Invincible ignorance/material heresy


#1

i found this quote from pope pius x...

Pope Pius X, Acerbo Nimis, 15 April 1905, Paragraphs 2, 26 >
"And so Our Predecessor, Benedict XIV, had just cause to write: 'We declare that a great number of those who are condemned to eternal punishment suffer that everlasting calamity because of ignorance of those mysteries of faith which must be known and believed in order to be numbered among the elect.' (...) These truths, indeed, far surpass the natural understanding of the people, yet must be known by all - the uneducated and the cultured - in order that they may arrive at eternal happiness."

how does this hold with the ideas of Inv. Ign. and material heresy? as it says in Lumen gentium, those who through no fault of their own know not the faith are not culpable for eternal punishment, but here, both Holy fathers seem quite adamant that those souls are in fact damned because of their ignorance.
needless to say i am confused, as St Francis Xavier also told the Asians when they asked him if there was a way to save the departed souls of their pagan ancestors who passed on before the missionaries came that "Alas there is none..." or something very close to that


#2

So, are we pitting an Encyclical against the teaching of an Ecumenical Council? Why and to whom was the Encyclical written? Just what mysteries are being referred to? Diffucult to draw conclusions without more information.:thumbsup:


#3

A General council was solely and purely pastoral in nature; neither putting forth any dogmatic nor doctrinal issues, definitions, or anathematising of error.

The Council declare itself non-binding in matters of dogmata and doctrine; ergo, who are we to presume that, contrariwise to the intial premise that Bl. John XXIII summoned the council upon, a course continued by Pope Paul VI, that such has changed? Most especially when neither Pontiff, nor has any pontiff decreed to the contrary up till this very day; and even still today remaining: none have retracted or revoked this basic premise whereupon the General Council of Vatican II operated.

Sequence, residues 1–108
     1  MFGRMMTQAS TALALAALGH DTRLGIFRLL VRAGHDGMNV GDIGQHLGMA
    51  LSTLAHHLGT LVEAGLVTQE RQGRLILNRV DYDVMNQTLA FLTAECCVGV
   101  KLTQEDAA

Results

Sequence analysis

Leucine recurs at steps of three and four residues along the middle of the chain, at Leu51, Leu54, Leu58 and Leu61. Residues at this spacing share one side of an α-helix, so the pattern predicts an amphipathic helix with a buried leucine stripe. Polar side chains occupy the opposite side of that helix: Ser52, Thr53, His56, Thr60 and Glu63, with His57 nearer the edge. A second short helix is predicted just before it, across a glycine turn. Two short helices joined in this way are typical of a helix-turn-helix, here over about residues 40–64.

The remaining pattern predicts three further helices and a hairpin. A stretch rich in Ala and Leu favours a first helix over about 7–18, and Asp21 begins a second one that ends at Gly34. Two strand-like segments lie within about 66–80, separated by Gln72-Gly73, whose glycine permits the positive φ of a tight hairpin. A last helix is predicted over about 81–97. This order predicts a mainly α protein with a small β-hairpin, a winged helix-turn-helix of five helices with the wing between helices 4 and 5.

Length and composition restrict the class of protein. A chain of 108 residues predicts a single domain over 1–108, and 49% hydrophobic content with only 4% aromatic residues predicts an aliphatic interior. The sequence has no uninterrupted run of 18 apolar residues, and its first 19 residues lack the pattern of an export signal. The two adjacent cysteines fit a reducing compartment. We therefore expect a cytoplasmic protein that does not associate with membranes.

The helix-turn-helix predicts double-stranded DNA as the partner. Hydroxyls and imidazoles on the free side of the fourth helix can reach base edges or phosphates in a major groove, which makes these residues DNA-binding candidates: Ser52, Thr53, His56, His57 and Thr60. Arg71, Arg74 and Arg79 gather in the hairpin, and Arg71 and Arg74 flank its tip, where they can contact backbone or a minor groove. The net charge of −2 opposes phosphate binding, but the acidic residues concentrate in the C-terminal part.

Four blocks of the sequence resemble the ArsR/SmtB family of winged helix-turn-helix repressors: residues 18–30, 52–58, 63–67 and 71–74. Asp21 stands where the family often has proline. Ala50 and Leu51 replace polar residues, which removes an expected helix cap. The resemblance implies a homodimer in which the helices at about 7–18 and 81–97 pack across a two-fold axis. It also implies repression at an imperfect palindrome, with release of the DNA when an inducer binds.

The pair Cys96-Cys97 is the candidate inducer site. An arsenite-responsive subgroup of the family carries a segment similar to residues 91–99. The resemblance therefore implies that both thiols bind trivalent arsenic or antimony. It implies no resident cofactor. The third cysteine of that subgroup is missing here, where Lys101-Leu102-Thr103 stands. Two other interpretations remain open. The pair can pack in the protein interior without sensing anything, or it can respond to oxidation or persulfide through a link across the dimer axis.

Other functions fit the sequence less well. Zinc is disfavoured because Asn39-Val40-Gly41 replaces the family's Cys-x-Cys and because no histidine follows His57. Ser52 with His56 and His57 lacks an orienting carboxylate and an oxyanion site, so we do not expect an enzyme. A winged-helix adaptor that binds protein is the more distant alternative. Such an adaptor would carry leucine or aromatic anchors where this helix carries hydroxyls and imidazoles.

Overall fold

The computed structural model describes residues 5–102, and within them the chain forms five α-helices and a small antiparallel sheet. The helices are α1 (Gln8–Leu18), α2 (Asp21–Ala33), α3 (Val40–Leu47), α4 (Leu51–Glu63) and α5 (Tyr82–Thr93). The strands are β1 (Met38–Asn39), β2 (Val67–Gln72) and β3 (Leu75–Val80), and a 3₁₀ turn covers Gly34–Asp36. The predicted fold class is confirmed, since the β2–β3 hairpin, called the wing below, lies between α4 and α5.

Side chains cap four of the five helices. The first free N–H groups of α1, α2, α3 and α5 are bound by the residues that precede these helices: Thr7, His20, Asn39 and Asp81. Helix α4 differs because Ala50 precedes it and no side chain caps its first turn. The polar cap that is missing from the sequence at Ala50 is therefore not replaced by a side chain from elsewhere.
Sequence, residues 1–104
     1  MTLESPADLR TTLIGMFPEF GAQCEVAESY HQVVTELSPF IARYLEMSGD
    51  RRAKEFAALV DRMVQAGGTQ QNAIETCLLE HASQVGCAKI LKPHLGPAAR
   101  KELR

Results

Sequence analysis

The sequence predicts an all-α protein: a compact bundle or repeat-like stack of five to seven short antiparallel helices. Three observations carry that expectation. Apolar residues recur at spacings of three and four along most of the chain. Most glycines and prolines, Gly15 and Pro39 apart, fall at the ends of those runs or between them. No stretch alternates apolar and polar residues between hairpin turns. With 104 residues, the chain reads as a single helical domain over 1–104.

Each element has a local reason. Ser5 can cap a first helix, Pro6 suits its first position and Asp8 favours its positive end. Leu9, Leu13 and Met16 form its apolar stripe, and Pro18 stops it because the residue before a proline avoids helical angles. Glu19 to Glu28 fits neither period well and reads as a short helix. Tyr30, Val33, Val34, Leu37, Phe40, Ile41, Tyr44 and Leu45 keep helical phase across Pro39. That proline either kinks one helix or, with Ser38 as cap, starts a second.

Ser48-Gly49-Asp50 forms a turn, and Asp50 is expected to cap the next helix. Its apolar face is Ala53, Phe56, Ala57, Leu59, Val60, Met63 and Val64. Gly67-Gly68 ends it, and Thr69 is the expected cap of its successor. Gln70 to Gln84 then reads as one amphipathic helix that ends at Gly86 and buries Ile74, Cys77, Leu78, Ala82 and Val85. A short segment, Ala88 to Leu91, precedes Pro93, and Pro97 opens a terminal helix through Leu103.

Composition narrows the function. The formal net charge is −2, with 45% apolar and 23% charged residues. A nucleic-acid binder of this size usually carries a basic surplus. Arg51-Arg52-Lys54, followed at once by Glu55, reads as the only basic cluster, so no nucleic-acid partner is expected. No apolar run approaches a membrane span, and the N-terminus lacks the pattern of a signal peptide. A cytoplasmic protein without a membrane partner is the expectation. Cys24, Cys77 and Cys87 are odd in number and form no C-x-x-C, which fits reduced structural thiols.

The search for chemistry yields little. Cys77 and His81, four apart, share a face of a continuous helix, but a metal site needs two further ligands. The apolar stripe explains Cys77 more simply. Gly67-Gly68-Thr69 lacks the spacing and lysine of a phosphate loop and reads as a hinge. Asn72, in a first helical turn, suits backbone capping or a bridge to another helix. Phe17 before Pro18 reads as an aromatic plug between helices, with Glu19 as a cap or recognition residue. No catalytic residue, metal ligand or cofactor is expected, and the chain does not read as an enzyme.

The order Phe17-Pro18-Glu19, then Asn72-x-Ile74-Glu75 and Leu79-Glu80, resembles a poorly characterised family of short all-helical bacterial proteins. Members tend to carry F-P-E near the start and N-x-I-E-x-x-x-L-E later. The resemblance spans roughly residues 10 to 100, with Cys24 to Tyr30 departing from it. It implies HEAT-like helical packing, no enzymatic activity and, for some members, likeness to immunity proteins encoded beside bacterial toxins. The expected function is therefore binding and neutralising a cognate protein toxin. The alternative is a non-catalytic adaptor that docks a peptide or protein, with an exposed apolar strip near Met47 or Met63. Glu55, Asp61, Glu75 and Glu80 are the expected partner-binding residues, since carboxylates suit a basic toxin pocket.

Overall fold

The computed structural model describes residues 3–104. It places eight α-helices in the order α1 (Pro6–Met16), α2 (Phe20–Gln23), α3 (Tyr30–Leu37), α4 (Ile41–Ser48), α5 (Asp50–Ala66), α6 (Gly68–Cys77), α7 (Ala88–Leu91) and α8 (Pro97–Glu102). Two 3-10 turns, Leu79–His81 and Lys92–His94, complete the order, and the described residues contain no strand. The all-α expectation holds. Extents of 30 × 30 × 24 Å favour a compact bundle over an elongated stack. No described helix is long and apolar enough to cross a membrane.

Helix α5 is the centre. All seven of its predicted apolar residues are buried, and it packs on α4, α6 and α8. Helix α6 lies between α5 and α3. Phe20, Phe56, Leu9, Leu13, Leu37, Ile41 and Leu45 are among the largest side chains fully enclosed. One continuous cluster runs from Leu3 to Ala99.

#4

[quote="ravenonthecross, post:3, topic:200140"]
A General council was solely and purely pastoral in nature; neither putting forth any dogmatic nor doctrinal issues, definitions, or anathematising of error.

The Council declare itself non-binding in matters of dogmata and doctrine; ergo, who are we to presume that, contrariwise to the intial premise that Bl. John XXIII summoned the council upon, a course continued by Pope Paul VI, that such has changed? Most especially when neither Pontiff, nor has any pontiff decreed to the contrary up till this very day; and even still today remaining: none have retracted or revoked this basic premise whereupon the General Council of Vatican II operated.

[/quote]

right so what does tthat say about the statements from earlier popes?


#5

[quote="ravenonthecross, post:3, topic:200140"]
A General council was solely and purely pastoral in nature; neither putting forth any dogmatic nor doctrinal issues, definitions, or anathematising of error.

The Council declare itself non-binding in matters of dogmata and doctrine; ergo, who are we to presume that, contrariwise to the intial premise that Bl. John XXIII summoned the council upon, a course continued by Pope Paul VI, that such has changed? Most especially when neither Pontiff, nor has any pontiff decreed to the contrary up till this very day; and even still today remaining: none have retracted or revoked this basic premise whereupon the General Council of Vatican II operated.